Money, power it’s an illusion… You can be you.” Christopher’s state of mind is completely against materialism. He assures himself that dependence on money is unnecessary and only comes from self-deception. Rather, he is appreciative of nature since it allows him to chase all his aspirations and be true to himself. Christopher’s mindset equally compares to that of Emerson, having disbelief in the materialistic society. In the movie, Christopher recites one of Emerson’s infamous quotes.
The Elders attempt at making a defectless world through alikeness and uniformity made the community dystopian instead of utopian as it was intended to be. If the community in The Giver was truly utopian, it would allow people to be contradistinctive and have their own unique and individual traits and looks. The overall theme in the story is to celebrate the individuality that we have in today’s society. Individuality and diversity are indispensable to people because they are what conceive emotions and allow us to enjoy our exclusive abilities and talents. Imagery The City of Ember describes the future as a bleak, lackluster world of decay.
It encouraged people to become selfish and self-centered, unwilling to contribute to the common good in a community, thus leading to loneliness and alienation. Individualism has also become one of the key elements in post-modern thinking, making the interests of the person more important when the interests of a social group. Post-modern individualism is associated with emphasis on self-expression and self-creation, as opposed to communal opinions and values. The character of Eddie Morra symbolizes both forms of individualisms and show that emphases just on individual achievements can lead us to become blind to the needs of people around us – we become selfish and we feel like we do not need community anymore. Too often, we as Christians place our identity in our talents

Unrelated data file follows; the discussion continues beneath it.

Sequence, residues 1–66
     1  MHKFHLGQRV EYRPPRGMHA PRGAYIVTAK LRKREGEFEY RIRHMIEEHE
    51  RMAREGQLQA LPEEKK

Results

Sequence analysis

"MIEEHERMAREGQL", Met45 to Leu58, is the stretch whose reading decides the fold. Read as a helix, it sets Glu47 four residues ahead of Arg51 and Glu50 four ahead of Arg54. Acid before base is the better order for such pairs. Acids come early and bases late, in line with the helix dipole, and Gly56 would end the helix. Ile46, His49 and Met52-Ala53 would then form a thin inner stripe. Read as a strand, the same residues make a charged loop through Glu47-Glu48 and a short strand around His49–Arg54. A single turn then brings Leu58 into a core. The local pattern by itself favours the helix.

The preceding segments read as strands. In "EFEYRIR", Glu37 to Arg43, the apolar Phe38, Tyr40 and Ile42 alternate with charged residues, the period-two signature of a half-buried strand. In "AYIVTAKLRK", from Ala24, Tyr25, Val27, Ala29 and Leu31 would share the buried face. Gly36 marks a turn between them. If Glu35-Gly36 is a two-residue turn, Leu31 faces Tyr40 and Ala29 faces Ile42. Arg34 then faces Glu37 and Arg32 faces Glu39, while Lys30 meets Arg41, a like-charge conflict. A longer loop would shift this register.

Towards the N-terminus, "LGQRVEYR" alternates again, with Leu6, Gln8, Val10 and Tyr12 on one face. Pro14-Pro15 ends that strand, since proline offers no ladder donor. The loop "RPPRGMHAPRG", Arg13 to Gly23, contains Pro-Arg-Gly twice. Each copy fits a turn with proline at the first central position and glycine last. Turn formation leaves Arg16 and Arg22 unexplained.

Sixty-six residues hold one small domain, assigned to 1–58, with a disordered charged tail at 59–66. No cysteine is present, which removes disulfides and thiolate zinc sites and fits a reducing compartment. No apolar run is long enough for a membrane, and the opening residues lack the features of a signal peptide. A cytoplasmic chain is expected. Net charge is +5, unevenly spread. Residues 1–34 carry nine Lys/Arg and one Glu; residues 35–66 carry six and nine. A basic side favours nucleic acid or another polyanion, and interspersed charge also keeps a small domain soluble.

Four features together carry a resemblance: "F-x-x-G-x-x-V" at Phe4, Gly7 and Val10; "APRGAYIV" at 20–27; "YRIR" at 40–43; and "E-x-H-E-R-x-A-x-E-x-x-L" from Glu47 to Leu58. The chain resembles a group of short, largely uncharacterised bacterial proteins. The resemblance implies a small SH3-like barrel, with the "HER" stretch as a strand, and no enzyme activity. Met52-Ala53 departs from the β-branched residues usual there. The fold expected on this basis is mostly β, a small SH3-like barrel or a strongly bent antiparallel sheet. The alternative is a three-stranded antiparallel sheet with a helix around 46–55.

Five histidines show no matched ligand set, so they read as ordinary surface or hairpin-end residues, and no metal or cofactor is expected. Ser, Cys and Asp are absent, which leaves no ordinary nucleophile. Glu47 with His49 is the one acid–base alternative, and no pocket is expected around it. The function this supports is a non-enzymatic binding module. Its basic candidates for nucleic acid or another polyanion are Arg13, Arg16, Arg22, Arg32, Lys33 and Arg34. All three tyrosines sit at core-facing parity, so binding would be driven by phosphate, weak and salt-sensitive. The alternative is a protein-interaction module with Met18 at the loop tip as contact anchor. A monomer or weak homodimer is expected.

Golding “...asks how superior we are to savages and he points to the superficiality of our civilization; indeed it seems to be powerless against the innate brutality of man, against his fear which is in fact against the innate brutality of man, against his fear which is in fact the expression of the evil that pervades the world.” (Michot). Humans “good” is just superficial and isn't truly what they are. Inside they are just savages that are trying to conform to society's norm, but inside they are selfish and evil. Therefore, humans are staying put as long as nothing triggers them, but inside they are full of selfishness waiting to be realized when others aren't paying attention which is quite
He accepts the ignorance of total equality that is forced on him, but is contrastingly different from the image of a part of a communal whole. He searches for development of individual morality, but is struck dry by the restrictive society, by which he is forced to be, think, and live like everyone else, average and accepting. However, throughout, Anthem, by Ayn Rand, Equality’s view of morality